In the world of architecture, fresh new builds aren’t always better. It is paramount that projects show respect to the communities they are entering and the culture they will become a part of. Meeting these goals can be difficult for a new building that feels disconnected from its surroundings. Building upon existing designs is a strategy to help projects avoid this pitfall, achieve many other goals, and create opportunities that just wouldn’t be possible with new construction.
This practice is known as adaptive reuse architecture. Specifically, it entails adapting an old structure to function in a new way. It is often employed when preserving a site’s heritage is a priority, or a site is underutilized. Adaptive reuse is also leveraged in cases where conserving some or all existing architecture is the most economical or sustainable strategy, and can have incredible community impacts.
In this post, we examine the virtues of adaptive reuse. Additionally, we explore 8 real-world examples that have built on the aged structures of the past, uplifting both their significance and beauty and establishing a legacy for the future.
More architects, developers, and municipalities are embracing this type of architecture because it allows owners and users to get the most out of existing buildings, and they appreciate the unique impact of the final product.
“Adaptive reuse respects the past and builds on old ‘foundations’ for the future—figuratively and literally. Many times it takes a space that has not been utilized in the best form and elevates it to its full potential”.
– Aaron Benefiel, principal architect at JRDV
From matters of community impacts on resource management, the range of benefits generated by adaptive reuse is impressively broad:
This massive project represents one of the most pioneering approaches encouraging responsible revitalization, development, and investment in America. In an effort to reinvigorate 4 square miles of a historically neglected and disenfranchised area, JRDV, along with community leaders and city officials, spearheaded a master plan that would incentivize development, with a focus on adaptive reuse to infuse the area with fresh vitality.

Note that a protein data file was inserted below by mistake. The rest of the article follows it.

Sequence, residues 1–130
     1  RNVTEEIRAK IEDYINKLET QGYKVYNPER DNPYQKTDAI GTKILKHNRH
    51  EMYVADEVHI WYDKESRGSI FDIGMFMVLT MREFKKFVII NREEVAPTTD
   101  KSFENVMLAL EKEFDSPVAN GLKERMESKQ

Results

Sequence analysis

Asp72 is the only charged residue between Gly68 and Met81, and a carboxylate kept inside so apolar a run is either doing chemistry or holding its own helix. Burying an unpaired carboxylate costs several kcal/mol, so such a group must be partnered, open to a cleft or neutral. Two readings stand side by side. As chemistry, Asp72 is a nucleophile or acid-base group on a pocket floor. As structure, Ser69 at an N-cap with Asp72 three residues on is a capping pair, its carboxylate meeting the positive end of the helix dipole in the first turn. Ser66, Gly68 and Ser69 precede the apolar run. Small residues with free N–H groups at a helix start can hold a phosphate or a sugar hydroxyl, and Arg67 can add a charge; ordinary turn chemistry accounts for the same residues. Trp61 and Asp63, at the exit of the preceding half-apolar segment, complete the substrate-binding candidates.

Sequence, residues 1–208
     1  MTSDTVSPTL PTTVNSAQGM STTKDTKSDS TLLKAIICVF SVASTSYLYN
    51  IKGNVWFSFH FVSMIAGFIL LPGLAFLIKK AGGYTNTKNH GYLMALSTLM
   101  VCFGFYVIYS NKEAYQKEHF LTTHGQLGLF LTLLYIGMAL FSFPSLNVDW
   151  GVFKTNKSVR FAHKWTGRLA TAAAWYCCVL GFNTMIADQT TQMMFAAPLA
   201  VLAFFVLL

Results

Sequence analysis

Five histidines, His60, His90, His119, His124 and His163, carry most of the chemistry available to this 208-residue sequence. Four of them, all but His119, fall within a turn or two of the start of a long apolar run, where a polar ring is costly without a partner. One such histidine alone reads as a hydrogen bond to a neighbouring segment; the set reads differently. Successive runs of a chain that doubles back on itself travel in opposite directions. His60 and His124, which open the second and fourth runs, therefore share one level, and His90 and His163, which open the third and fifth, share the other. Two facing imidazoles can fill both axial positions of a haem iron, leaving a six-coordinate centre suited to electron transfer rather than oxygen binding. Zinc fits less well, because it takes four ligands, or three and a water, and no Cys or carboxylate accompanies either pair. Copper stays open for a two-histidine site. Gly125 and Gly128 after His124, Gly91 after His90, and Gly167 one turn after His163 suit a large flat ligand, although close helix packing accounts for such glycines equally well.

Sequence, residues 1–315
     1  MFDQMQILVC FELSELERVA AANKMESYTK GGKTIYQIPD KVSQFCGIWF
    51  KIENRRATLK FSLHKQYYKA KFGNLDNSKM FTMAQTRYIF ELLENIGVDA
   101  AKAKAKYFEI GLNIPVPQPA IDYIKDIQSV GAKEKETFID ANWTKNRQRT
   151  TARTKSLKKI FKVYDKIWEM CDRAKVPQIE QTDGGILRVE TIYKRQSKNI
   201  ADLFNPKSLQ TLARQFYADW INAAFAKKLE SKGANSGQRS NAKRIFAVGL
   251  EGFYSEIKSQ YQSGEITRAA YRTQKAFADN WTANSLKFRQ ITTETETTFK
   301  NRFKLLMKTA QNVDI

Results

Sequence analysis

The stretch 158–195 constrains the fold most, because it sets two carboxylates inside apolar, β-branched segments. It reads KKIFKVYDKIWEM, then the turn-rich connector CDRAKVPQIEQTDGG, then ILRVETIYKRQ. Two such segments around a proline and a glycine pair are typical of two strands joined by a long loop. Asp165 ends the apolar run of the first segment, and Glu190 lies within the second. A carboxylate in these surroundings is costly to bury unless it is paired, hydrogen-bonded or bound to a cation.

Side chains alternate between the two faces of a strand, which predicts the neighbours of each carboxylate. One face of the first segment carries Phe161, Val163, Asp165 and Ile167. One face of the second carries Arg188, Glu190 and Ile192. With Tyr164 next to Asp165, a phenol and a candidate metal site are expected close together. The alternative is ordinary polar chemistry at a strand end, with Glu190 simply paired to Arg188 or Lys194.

The West Oakland Specific plan laid the groundwork for streamlined development. Through an accompanied detailed EIR, 6,000 new housing units and over 6 million gross square feet of commercial space were pre-approved. A number of empty or underused buildings were also highlighted as opportunities to be adapted and renewed. This elevates the area’s ability to host a wide range of profitable businesses, as well as local artists and makers.
Design guidelines were created in order to respect existing homes and structures while injecting innovative new spaces, encouraging adaptive reuse and outlining its incentives. This master plan is the foundation bringing potential newfound wealth to the area in a way that benefits the community as a whole.
Once the factory warehouse for American Steel, and more recently known for its long history as a hub for artists and creators, the property at this West Oakland development site presented a major opportunity for JRDV to honor the city’s manufacturing history and the building’s longstanding cultural importance. All of this was to be done while creating a thriving new hub that supports 21-st century businesses and continues to expand opportunities for artists and manufacturers
The industrial spaces were re-envisioned in a flexible way, pivotal to facilitating an evolution that was flexible and responsive to the community’s and marketplace’s needs. Adaptability was a priority in the design plan, as we aimed at forming a facility that could flexibly change to meet the evolving needs of commercial tenants, artisans, and small manufacturers.
The under-used factory buildings now have a plan to add density in a way that will offer a multitude of possibilities to the growing arts and innovative business space, from modern co-working spaces to an indoor makers market. This plan leverages the creative capital in the building and promotes collaboration across the commentary fields the building attracts.
JRDV gave the city of San Jose a one-of-a-kind retail venue by constructing one new building and adapting two existing structures. One of these was the Peralta Adobe, Northern California’s oldest building, which has been standing since 1797. The development site also takes advantage of the formerly neglected parking facility across the street.